GENEVA: The United Nations on Friday blamed a Saudi-led coalition for a deadly air strike on civilians in Yemen this week, saying there were no military targets in the area hit.

The attack on Tuesday in the Mawza district of the southwestern province of Taez killed at least 20 people, including four children, according to residents.

The UN human rights office, which put the death toll at 18, said the strikes hit three families who were staying in a makeshift straw house after being displaced from their homes three months ago by fighting.

The office said in a statement that the strike was carried out by “Arab Coalition Forces”, referring to the Saudi-led alliance fighting Shia rebels in support of Yemen’s internationally recognised government.

“There do not appear to have been any military objectives anywhere in the immediate vicinity of the destroyed house,” it added.

The Saudi-led coalition has faced repeated criticism over civilian casualties in Yemen. It accuses the Iran-backed rebels of using civilians as human shields.

The coalition has admitted responsibility for some strikes that killed non-combatants, including a raid on the rebel-held capital Sanaa in October 2016 that killed more than 140 people at a funeral ceremony.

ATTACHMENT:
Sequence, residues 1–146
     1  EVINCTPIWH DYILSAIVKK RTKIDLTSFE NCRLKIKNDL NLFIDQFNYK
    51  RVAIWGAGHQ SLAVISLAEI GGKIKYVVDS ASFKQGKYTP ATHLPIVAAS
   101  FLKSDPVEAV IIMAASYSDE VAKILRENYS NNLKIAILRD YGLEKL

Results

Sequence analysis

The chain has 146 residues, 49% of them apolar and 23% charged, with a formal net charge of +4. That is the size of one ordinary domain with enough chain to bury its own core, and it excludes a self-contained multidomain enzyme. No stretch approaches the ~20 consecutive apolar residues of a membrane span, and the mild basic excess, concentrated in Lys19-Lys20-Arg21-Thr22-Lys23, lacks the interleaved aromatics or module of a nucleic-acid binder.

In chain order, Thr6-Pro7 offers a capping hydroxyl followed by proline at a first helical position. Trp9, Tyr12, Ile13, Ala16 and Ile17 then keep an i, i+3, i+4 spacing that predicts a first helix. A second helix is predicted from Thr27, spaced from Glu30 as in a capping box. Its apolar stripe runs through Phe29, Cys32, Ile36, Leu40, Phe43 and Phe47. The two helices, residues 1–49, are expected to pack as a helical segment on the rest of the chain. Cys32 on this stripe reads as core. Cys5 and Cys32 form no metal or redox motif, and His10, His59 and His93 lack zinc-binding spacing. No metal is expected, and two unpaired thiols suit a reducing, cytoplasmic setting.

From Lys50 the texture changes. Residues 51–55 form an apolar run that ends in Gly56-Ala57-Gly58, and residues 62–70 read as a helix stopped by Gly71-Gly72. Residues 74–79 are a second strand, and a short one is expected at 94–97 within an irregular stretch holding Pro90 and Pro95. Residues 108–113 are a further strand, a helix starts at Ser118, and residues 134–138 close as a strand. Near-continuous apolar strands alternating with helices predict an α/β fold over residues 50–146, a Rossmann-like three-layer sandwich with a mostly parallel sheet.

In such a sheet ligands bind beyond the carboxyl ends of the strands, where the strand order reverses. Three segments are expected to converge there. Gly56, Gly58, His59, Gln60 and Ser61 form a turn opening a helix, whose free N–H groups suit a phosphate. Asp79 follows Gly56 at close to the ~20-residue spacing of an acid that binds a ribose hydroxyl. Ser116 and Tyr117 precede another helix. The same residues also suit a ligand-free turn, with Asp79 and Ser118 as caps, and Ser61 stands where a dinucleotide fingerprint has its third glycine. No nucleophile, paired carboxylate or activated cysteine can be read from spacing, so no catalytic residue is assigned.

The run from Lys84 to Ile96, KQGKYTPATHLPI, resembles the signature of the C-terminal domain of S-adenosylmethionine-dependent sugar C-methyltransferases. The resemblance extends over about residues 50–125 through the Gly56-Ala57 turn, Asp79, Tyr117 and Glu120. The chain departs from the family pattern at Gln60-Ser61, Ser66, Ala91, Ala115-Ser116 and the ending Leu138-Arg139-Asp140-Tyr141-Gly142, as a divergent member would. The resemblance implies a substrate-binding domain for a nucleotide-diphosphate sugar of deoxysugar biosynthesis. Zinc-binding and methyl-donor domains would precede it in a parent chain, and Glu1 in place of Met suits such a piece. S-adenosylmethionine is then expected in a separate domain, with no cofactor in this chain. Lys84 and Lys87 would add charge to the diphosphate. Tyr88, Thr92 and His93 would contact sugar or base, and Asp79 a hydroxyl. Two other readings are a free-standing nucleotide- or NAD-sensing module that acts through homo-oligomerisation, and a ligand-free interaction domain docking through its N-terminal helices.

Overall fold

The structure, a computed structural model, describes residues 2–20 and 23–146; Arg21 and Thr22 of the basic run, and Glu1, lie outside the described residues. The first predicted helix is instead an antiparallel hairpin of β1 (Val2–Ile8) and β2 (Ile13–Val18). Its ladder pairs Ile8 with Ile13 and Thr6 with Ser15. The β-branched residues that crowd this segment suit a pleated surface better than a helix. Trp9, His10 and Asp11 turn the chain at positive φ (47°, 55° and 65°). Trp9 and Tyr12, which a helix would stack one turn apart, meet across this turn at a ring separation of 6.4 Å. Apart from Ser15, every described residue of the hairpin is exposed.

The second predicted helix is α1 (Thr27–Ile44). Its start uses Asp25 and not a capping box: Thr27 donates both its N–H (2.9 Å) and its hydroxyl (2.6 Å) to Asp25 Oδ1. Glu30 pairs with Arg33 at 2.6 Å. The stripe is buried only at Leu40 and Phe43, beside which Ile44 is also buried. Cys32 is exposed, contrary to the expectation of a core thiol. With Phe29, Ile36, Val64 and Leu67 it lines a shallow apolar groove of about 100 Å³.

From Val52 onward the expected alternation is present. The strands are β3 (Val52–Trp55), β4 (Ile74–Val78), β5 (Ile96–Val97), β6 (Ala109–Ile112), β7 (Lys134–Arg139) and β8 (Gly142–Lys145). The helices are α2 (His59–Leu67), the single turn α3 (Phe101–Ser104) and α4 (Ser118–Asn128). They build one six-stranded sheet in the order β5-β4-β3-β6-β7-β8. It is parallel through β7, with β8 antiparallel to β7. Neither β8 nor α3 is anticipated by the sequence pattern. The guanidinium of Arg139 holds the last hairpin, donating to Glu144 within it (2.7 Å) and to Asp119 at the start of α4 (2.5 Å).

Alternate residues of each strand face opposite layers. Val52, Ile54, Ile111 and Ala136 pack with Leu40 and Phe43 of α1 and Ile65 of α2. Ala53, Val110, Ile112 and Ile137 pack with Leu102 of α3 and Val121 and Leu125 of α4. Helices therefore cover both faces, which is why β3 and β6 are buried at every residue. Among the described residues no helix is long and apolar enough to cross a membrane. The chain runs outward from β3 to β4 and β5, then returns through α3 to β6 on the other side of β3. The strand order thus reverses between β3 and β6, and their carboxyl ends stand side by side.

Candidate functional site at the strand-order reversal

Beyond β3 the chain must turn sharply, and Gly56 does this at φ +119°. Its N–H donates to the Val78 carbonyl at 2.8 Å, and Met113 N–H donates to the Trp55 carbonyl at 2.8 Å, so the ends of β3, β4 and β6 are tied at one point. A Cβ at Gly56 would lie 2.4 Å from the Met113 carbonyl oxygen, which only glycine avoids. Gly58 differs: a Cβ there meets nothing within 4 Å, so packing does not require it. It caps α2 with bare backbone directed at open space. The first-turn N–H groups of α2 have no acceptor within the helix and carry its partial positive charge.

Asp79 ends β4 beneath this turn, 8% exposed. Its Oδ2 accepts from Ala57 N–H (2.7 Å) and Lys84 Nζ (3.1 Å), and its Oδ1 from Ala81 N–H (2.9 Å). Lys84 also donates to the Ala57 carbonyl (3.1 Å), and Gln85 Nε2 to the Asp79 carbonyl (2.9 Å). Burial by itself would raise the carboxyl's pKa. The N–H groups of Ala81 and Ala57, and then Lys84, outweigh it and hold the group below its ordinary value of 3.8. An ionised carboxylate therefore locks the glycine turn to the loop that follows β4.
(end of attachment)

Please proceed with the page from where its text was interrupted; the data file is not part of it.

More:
The United Nations called for a “comprehensive and impartial investigation” into the latest incident.

The conflict in Yemen has escalated dramatically since March 2015, when the Saudi-led forces launched a military operation against the rebels.

Colville noted that persistent unrest was also hindering the UN’s ability to respond to the cholera crisis in Yemen, which is the world’s largest outbreak of the bacterial infection.

The World Health Organisation said on Friday that the number of suspected cholera infections in Yemen had risen to nearly 370,000, as of July 19.

“Every day, 5,000 more Yemenis fall ill with symptoms of acute watery diarrhoea (or) cholera,” the UN health agency said in a statement.

A full 1,828 people have died during the outbreak since it erupted in late April.

Published in Dawn, July 22nd, 2017

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